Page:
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Swing Analysis: Kevin Stadler

I once played 36 holes in the U.S. Open Sectional Qualifier with Kevin and his ball striking was impressive. He is a big guy with a thick chest and waist, but his athleticism is obvious when you watch him move. He is a bit fidgety in his set-up routine, and triggers his swing with a slight forward bend on the knee toward the ball. I wouldn’t recommend this to most players, as any tendency to lift or straighten up during the swing tends to cause problems as the swing progresses, but it doesn’t seem to bother Kevin. He is tremendously wide in the backswing with his hands moving slightly away from his body looking down the line, and creating a bunch of space away from his right leg at shaft parallel in the takeaway from face on. His weight seems to stay a bit forward as most of his leg movement is out into the left knee, and his right forearm is almost horizontal to the ground at the top, reminding me of Angel Cabrera. In transition we see a great example of the “hands out” move that initiates the sidearm throwing motion (actually the legs always initiate the forward movement in the throwing motion but the hand movement is what is most noticeable) with the shaft shallowing and the clubhead kicking hard sideways. As we have seen with many other great players this flattening move takes the club well above the plane, but only for an instant as the rotation of the body and the squeezing of the left arm into the chest help to start steepening the shaft all the way to impact. Stadler’s right upper arm does not get in front of his chest as much as most players who exhibit this movement, but that seems to be entirely because of the size of his upper body. There just isn’t any room for it without the arms being way out away from the body, and you can see in the comparison with his father that Kevin’s hand pass by impact much closer to his body and closer to his original shaft plane than did his dad’s. All in all, probably a good swing to study for the more portly golfers.
 

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2 Responses to Swing Analysis: Kevin Stadler

  1. steve strobeck February 22, 2014 at 9:45 am #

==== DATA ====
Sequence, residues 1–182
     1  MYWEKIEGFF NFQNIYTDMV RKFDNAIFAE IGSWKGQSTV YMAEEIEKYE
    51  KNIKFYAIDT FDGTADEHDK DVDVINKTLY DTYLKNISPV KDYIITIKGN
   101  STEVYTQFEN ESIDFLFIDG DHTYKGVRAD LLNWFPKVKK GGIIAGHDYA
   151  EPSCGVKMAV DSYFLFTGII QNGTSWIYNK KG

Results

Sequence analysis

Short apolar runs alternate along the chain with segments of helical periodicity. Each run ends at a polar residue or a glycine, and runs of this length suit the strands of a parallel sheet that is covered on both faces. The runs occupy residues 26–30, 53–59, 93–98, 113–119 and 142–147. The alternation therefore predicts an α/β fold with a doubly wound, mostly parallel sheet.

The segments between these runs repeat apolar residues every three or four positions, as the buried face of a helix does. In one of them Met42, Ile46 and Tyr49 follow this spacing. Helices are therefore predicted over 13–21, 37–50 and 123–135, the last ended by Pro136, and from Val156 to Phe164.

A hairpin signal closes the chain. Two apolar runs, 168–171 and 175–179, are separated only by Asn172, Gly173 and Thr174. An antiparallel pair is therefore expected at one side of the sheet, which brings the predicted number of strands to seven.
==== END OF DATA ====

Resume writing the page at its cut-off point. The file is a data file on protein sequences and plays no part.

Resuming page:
“The legs always initiate the throwing motion in the sidearm movement”…

    For me, first and foremost in making all of this work is concentration on the pivot motion. Wayne once told me in a lesson (more than once) that the correct movement in the downswing pivot component will feel wildly over the top. What makes that movement effective of course is the concomitant flattening of the shaft in transition. So as I concentrate on a more effective pivot movement “over the top” at the same time I am aware of the need for the shaft to shallow simultaneously. I can tell both by feel and by the shot itself whether this is happening and I can only trust that by commiting to this over the top feel irregardless of what might happen to the particular shot the proper out move of the hands and the initial laying off of the shaft in transition will eventually become a part of the package. Awareness and some practice in the mirror I hope will facilltate these outcomes.

    Thanks for another great analysis even though I definitely am not among the portly contingent.

  2. Clint March 3, 2014 at 12:16 am #

    Stadler is stocky, Hogan was slender. But the two are similar in key areas. They both have the cupped left wrist at the top. They both shallow the heck out of it in transition, much more so than most players. They both fan the face wide open in transition. Their finish positions also look the same, hands fairly high and the look of having kept the face from releasing too much.

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